Expanding Empathy Speaker Series: Ways to Channel Empathy
Anat Perry, Ph.D., is an associate professor at the psychology department at the Hebrew University of Jerusalem and the director of the Social Cognitive Neuroscience Lab. She studies social phenomena in terms of the interactions between their social (social cues, contexts, behaviors), cognitive (mental information processing mechanisms), and neural (neural representations and mechanisms) aspects. Her lab leverages a wide array of techniques, including behavioral testing, psychophysiology, EEG, Dual EEG and lesion studies, in healthy and clinical populations.
LECTURE TITLE: “The Contribution of Different Information Channels to Empathy and Social Communication”
ABSTRACT: Humans often depend on empathy, broadly defined as the ability to understand others’ thoughts and feelings. Empathy encompasses a cognitive dimension, understanding another person’s internal states, as well as an affective dimension, sharing the other person’s emotional states. For both processes, we may rely on auditory and visual cues to extract different kinds of information. In order to better differentiate the roles of the auditory and visual channels in social communication, we’ve created a modified version of the Empathic Accuracy Task, a naturalistic, ecological task and stimuli set that would enable examining different features of the empathic response.
Participants (“targets”) were videotaped describing affective autobiographical events, while we recorded their skin conductance and heart rate measures. Soon after being recorded, targets watched the videos of themselves and used a scale to continuously rate how positive or negative they had felt when telling the story. We now use these stimuli in a variety of paradigms, asking different participants to watch the same videos and, using an identical scale, continuously rate how they believe the targets felt at each moment. Time-series correlations between perceiver inferences and target ratings serve as a quantitative measure of interpersonal understanding (empathic accuracy, a more cognitive measure). Asking perceivers to rate their own affective response, as well as correlating the targets’ and perceivers’ physiological measures, indicate affective synchrony, or experience-sharing. I will present a set of behavioral, psychophysiological, EEG, and lesion data that give new insight on the role of the auditory and visual channels in empathy and social communication.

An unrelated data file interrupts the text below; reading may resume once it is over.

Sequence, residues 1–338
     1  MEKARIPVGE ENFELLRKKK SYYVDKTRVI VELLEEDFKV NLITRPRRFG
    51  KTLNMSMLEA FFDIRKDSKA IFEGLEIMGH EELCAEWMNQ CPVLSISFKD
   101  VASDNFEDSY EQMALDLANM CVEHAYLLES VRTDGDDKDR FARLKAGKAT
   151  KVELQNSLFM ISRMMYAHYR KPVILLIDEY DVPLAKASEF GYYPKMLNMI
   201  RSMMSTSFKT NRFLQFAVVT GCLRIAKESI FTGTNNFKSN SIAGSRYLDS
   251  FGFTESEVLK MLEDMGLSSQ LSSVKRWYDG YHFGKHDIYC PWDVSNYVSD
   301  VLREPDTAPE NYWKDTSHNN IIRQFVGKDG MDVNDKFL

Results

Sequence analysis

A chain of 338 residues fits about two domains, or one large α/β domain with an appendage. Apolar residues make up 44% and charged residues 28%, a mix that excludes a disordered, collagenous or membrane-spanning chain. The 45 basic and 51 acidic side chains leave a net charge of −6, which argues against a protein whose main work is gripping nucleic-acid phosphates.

Antti Kauppinen, Ph.D., is professor of practical philosophy at the University of Helsinki. He has broad research interests in ethics, epistemology, moral psychology, and the history of moral philosophy. He has written extensively about the role of emotions in morality and about the nature and significance of various individual emotions, such as anger, pride, admiration, and suffering. He is currently the PI of the Academy of Finland research project “Responsible Beliefs: Why Ethics and Epistemology Need Each Other.”
LECTURE TITLE: “Empathy, Bias, and Manipulation”
ABSTRACT: Affective empathy, roughly speaking feeling emotion E for another as a result of attributing E or grounds for E to her, plays an important role in motivating altruistic behaviour, or acting for the sake of another. If I feel sad for your loss, I may be motivated to comfort or compensate you; if I feel angry for what someone did to you, I may be motivated to punish them. Often, this is a good thing, but as critics of empathy have rightly pointed out, acting for the sake of one person may be morally wrong, if it is at the expense of other people or of justice. This problem is particularly acute given that there are well-known biases built into affective empathy and its cognitive precursors. What is more, these biases can be exploited to manipulate people’s empathic responses, which may influence important political and personal choices.
Drawing on empirical literature, I sketch an overview of the known biases and methods of manipulation. Having argued in earlier work that to facilitate morally acceptable behaviour, empathic responses need to be regulated, I add some concrete suggestions for what this would require. For example, it may be best to refrain from more visceral visual and auditory representations of suffering, and instead rely on more detached written representations. This involves delicate balancing, since morally relevant information may be lost and detached representations may be deceptive. Development of moral virtue, I suggest, crucially involves learning to judge when and how to empathize with others.